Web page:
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Art in Nature, By Tove Jansson
Dreamlike trip through the magic of life
When reading anything by Tove Jansson, one cannot quite ignore the looming hippo-shaped shadow of the Finnish author's legendary creation, the Moomins. At the time of her death in 2001, those loveable, large-snouted trolls had made Jansson an international name, one synonymous with a particularly Scandinavian take on children's books. And that is how it would have remained if it hadn't been for Sort of Books posthumously publishing her novel, The Summer Book, two years later. The book, a touching fable of an old lady and her granddaughter enjoying a sun-blushed season on an island in the Gulf of Finland, became a bestseller and introduced a new adult audience to her dreamlike imagination.
The latest fiction of Jansson's to be translated and published in Britain is Art in Nature, a sublime little collection of stories that is full of boats and beach houses, painting and plays. In the title tale, a gallery warden discovers a couple by a lake arguing over the meaning of a picture. He provides them with a new and wonderfully inconclusive solution to the debate. "It's the mystery that's important, somehow very important," realises the caretaker. In Jansson's world, not knowing is a wonderful thing. In "White Lady", three middle-aged ladies, one of them a novelist, enjoy a night out with youngsters at a seaside restaurant. "I write books for young people and they don't know who I am," ponders the writer. "And I know nothing about them, either. Funny, isn't it." It's a bittersweet scene for Jansson to have composed; she entertained a generation of children but had none herself.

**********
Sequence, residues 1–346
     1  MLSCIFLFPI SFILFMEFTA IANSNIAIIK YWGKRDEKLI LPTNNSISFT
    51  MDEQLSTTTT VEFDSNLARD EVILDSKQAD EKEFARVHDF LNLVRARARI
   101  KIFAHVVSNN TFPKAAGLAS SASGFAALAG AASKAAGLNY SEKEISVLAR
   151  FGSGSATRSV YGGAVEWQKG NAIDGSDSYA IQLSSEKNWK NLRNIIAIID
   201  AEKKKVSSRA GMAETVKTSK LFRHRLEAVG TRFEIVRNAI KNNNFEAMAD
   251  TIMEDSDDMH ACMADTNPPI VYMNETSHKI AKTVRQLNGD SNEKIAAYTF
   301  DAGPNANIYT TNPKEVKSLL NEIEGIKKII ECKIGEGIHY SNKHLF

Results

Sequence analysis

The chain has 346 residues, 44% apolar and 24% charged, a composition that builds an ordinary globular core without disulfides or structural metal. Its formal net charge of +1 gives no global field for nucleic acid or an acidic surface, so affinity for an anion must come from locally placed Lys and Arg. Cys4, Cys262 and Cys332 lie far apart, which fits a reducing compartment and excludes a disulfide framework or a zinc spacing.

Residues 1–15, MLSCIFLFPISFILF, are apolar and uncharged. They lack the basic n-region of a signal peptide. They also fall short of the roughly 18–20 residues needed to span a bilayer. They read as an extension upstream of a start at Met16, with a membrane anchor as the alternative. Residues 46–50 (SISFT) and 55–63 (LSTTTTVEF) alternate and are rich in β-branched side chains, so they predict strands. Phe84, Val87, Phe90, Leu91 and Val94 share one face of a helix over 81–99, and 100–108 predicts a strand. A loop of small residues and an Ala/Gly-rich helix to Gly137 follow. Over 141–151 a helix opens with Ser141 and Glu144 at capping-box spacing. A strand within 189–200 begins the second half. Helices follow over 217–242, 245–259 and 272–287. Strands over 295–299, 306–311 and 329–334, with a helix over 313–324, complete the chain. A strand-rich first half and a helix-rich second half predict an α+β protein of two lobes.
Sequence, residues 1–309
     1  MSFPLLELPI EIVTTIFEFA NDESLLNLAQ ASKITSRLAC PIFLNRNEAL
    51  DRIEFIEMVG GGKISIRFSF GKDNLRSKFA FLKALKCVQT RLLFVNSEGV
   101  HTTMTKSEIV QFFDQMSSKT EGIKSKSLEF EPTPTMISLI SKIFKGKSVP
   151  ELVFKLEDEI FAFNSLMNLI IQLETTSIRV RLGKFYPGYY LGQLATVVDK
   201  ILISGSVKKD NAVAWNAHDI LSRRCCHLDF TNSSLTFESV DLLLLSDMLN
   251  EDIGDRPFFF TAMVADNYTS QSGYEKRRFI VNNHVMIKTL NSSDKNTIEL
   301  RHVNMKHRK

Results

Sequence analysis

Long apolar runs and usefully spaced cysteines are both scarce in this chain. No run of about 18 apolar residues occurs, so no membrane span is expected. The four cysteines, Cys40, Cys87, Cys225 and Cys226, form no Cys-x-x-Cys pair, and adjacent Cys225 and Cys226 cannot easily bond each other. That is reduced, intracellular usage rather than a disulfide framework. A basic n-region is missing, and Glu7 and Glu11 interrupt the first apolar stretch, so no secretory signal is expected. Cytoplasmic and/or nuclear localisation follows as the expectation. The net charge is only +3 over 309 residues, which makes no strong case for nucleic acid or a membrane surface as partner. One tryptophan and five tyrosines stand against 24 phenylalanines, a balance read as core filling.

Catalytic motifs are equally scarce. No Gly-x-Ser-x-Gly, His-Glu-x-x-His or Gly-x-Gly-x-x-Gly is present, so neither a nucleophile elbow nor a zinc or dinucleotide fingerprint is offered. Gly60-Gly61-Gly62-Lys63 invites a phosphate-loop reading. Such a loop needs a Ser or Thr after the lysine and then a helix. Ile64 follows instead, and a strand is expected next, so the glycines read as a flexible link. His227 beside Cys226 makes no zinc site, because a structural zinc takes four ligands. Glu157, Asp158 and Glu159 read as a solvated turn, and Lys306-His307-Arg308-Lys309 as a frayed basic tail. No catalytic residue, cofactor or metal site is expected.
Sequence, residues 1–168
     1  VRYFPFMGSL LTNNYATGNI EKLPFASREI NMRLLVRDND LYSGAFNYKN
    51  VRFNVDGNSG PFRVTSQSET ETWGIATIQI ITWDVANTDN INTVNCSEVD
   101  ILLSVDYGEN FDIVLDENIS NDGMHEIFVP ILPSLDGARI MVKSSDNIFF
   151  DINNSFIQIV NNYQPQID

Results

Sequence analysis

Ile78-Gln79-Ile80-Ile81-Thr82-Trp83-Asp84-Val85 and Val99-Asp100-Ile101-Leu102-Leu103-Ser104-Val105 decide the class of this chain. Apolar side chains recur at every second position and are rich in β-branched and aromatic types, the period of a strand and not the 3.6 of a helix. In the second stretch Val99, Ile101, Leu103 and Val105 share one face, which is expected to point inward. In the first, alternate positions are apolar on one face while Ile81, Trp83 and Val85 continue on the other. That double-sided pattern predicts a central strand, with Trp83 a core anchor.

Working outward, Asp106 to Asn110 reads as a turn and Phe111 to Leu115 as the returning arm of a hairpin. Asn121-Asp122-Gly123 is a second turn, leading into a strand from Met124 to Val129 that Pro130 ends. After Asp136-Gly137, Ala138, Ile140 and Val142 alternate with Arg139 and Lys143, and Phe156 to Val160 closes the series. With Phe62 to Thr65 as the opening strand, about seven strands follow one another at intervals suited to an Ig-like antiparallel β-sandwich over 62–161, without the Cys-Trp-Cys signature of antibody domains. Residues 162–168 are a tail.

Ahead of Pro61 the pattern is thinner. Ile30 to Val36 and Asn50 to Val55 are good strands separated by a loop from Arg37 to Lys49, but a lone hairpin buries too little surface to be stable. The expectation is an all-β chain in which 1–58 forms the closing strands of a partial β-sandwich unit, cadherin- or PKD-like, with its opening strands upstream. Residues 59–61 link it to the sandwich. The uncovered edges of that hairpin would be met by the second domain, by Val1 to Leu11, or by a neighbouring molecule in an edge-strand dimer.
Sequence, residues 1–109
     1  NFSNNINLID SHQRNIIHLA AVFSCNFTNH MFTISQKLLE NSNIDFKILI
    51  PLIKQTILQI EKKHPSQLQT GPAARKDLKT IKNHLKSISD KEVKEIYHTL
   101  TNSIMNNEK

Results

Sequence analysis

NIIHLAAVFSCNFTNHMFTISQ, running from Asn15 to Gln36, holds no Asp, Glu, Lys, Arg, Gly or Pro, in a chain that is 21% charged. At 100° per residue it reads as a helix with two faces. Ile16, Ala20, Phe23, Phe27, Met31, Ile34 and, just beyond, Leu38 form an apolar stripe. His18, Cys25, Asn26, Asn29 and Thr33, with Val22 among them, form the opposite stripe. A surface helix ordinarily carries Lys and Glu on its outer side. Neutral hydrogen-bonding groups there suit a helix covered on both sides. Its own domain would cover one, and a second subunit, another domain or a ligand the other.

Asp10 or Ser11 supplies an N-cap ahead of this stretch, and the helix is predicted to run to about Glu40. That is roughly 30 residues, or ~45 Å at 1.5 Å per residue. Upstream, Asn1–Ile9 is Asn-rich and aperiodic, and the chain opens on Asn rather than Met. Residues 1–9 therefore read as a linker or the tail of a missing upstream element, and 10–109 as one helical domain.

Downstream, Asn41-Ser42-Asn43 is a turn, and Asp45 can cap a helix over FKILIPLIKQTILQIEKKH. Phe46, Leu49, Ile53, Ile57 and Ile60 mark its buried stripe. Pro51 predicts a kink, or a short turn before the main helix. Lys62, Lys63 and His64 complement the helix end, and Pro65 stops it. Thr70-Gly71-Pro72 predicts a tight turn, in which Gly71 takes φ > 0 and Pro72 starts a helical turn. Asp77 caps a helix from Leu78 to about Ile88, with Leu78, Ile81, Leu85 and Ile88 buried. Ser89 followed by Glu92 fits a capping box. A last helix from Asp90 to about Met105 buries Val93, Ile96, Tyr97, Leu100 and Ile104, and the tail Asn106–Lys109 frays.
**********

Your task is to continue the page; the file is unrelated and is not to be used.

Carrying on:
In "A Sense of Time", a man worries about his grandmother's loss of temporal understanding. "Grandmother's private, interior world must be very strong if she can so serenely deny the sun and moon," he frets. "I wonder what it is that shines for her and makes her so terribly certain and calm." The twist is that her senility is a blessing, affording her freedom and serenity while the young man is riven with anxieties.
Jansson's writing is imbued with a singular view of human existence, in which puzzles and uncertainty, even illness and danger, have positive and magical potential. This is a wonderful archipelago of stories. Readers will enjoy anchoring in each of its coves before setting sail for the next.
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